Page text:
Residents to be consulted on Ruby Road proposal

Writing on the wall for famous females

By Scott Jamison

A new project has been launched to honour some of Belfast’s most famous daughters, with a South Belfast songbird its first focus.

The programme by the Women’s Tec organisation looks to rename some of the streets of the city with the names of notable females. It made its first tribute last week to singer Ruby Murray.

Ruby, famous for such songs as Softly Softly and Let Me Go Lover, was a resident for many years in the Village area of South Belfast.

Project co-ordinator Helen Crickard said the idea was to combat the lack of streets named after women already.

“If you look around our streets you can count on one hand those that are named after local women. We want to change that and recognise the contribution to our city made by so many women.

“Ruby is just one of many famous and not-so-famous women who helped build the city and we are working together on this project with people from across Belfast to identify women who should be honoured by having a street named after them.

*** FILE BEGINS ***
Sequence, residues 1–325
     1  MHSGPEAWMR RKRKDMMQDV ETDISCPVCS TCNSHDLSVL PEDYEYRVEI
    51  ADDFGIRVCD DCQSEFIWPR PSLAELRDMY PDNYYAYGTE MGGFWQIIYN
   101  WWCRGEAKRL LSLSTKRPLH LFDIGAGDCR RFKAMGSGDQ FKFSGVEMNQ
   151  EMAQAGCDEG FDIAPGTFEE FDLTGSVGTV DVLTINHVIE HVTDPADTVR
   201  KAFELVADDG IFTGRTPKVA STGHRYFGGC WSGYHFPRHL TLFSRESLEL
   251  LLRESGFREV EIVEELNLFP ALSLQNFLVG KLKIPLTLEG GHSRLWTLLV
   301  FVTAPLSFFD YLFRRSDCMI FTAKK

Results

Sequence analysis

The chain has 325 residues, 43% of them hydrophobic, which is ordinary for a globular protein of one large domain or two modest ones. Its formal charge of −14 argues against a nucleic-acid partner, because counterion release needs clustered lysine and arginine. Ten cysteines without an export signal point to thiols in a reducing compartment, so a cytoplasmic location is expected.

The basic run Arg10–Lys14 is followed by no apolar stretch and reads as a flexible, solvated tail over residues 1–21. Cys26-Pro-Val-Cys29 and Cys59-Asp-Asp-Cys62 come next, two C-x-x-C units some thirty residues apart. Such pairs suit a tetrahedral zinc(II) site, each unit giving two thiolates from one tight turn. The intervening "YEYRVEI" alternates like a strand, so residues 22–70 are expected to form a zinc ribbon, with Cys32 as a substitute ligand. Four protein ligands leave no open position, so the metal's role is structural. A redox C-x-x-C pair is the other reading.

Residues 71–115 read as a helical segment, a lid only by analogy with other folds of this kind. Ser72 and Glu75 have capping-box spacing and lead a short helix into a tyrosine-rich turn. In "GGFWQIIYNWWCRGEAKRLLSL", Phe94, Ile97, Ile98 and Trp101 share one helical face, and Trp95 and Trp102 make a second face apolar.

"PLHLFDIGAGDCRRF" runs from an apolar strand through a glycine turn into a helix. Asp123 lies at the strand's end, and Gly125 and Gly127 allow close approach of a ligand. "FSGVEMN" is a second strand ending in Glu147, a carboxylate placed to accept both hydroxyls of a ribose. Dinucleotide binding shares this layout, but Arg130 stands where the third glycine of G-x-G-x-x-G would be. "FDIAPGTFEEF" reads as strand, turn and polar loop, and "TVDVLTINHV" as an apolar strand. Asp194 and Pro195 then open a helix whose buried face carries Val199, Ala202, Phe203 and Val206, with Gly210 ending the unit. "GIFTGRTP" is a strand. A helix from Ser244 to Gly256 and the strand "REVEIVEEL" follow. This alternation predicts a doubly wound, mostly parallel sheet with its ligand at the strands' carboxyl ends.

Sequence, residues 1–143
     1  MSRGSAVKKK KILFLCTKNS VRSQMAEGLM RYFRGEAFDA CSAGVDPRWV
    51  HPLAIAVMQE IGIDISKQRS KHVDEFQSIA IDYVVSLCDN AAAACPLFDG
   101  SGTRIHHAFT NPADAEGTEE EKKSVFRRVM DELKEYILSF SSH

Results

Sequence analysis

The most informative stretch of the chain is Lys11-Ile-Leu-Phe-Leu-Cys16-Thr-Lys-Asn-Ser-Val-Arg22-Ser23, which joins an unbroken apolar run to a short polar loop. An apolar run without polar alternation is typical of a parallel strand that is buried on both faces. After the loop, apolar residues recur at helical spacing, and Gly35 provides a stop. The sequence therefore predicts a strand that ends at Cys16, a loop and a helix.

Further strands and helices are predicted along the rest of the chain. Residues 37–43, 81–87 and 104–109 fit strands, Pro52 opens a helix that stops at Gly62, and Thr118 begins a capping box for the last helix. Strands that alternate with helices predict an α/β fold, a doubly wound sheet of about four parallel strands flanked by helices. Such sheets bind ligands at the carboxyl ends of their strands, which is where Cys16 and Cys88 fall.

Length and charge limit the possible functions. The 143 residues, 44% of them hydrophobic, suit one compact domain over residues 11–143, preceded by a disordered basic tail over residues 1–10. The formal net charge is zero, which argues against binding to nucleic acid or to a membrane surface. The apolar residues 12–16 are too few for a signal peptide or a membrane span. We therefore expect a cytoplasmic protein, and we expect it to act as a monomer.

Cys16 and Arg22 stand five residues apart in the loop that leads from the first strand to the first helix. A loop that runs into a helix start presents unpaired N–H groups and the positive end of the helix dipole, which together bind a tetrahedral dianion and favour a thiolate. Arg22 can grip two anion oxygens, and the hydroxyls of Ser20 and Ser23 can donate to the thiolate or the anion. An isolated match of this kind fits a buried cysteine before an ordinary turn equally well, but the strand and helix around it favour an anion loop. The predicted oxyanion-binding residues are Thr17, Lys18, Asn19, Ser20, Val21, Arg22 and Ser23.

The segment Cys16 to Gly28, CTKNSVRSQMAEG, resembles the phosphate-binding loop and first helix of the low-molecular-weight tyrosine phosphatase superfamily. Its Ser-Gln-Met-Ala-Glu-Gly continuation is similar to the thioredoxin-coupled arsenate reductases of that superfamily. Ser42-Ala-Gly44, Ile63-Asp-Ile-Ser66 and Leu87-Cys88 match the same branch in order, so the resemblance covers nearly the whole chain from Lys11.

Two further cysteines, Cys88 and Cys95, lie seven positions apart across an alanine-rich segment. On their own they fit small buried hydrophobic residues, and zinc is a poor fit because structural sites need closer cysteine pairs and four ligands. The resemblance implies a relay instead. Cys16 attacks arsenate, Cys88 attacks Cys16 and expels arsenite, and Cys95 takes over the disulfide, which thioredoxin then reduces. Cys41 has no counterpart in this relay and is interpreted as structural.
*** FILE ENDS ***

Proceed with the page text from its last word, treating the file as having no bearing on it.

“This isn’t just for famous women – we are looking for suggestions of women who have done something special for their community.”

For now the Ruby Murray sign is being put up in Windsor Women’s Centre on what the group hopes is a temporary basis.  Billy Dickson of the Blackstaff Residents’ Association said Ruby was a prime example of “someone who achieved so much but never lost touch with her roots”.

“Though she had settled in Devon, she came back for the opening of Windsor Women’s Centre in 1994 and always felt that she was a Belfast girl at heart,” he said.

“Ruby’s family would love to have a street named after her and we’d like the local community to consider this and decide whether a new street in the Village should be named after her, a move which would then need to be passed by Belfast City Council.”

A full slate of proposed street names honouring Belfast women will be unveiled on March 8, International Women’s Day.

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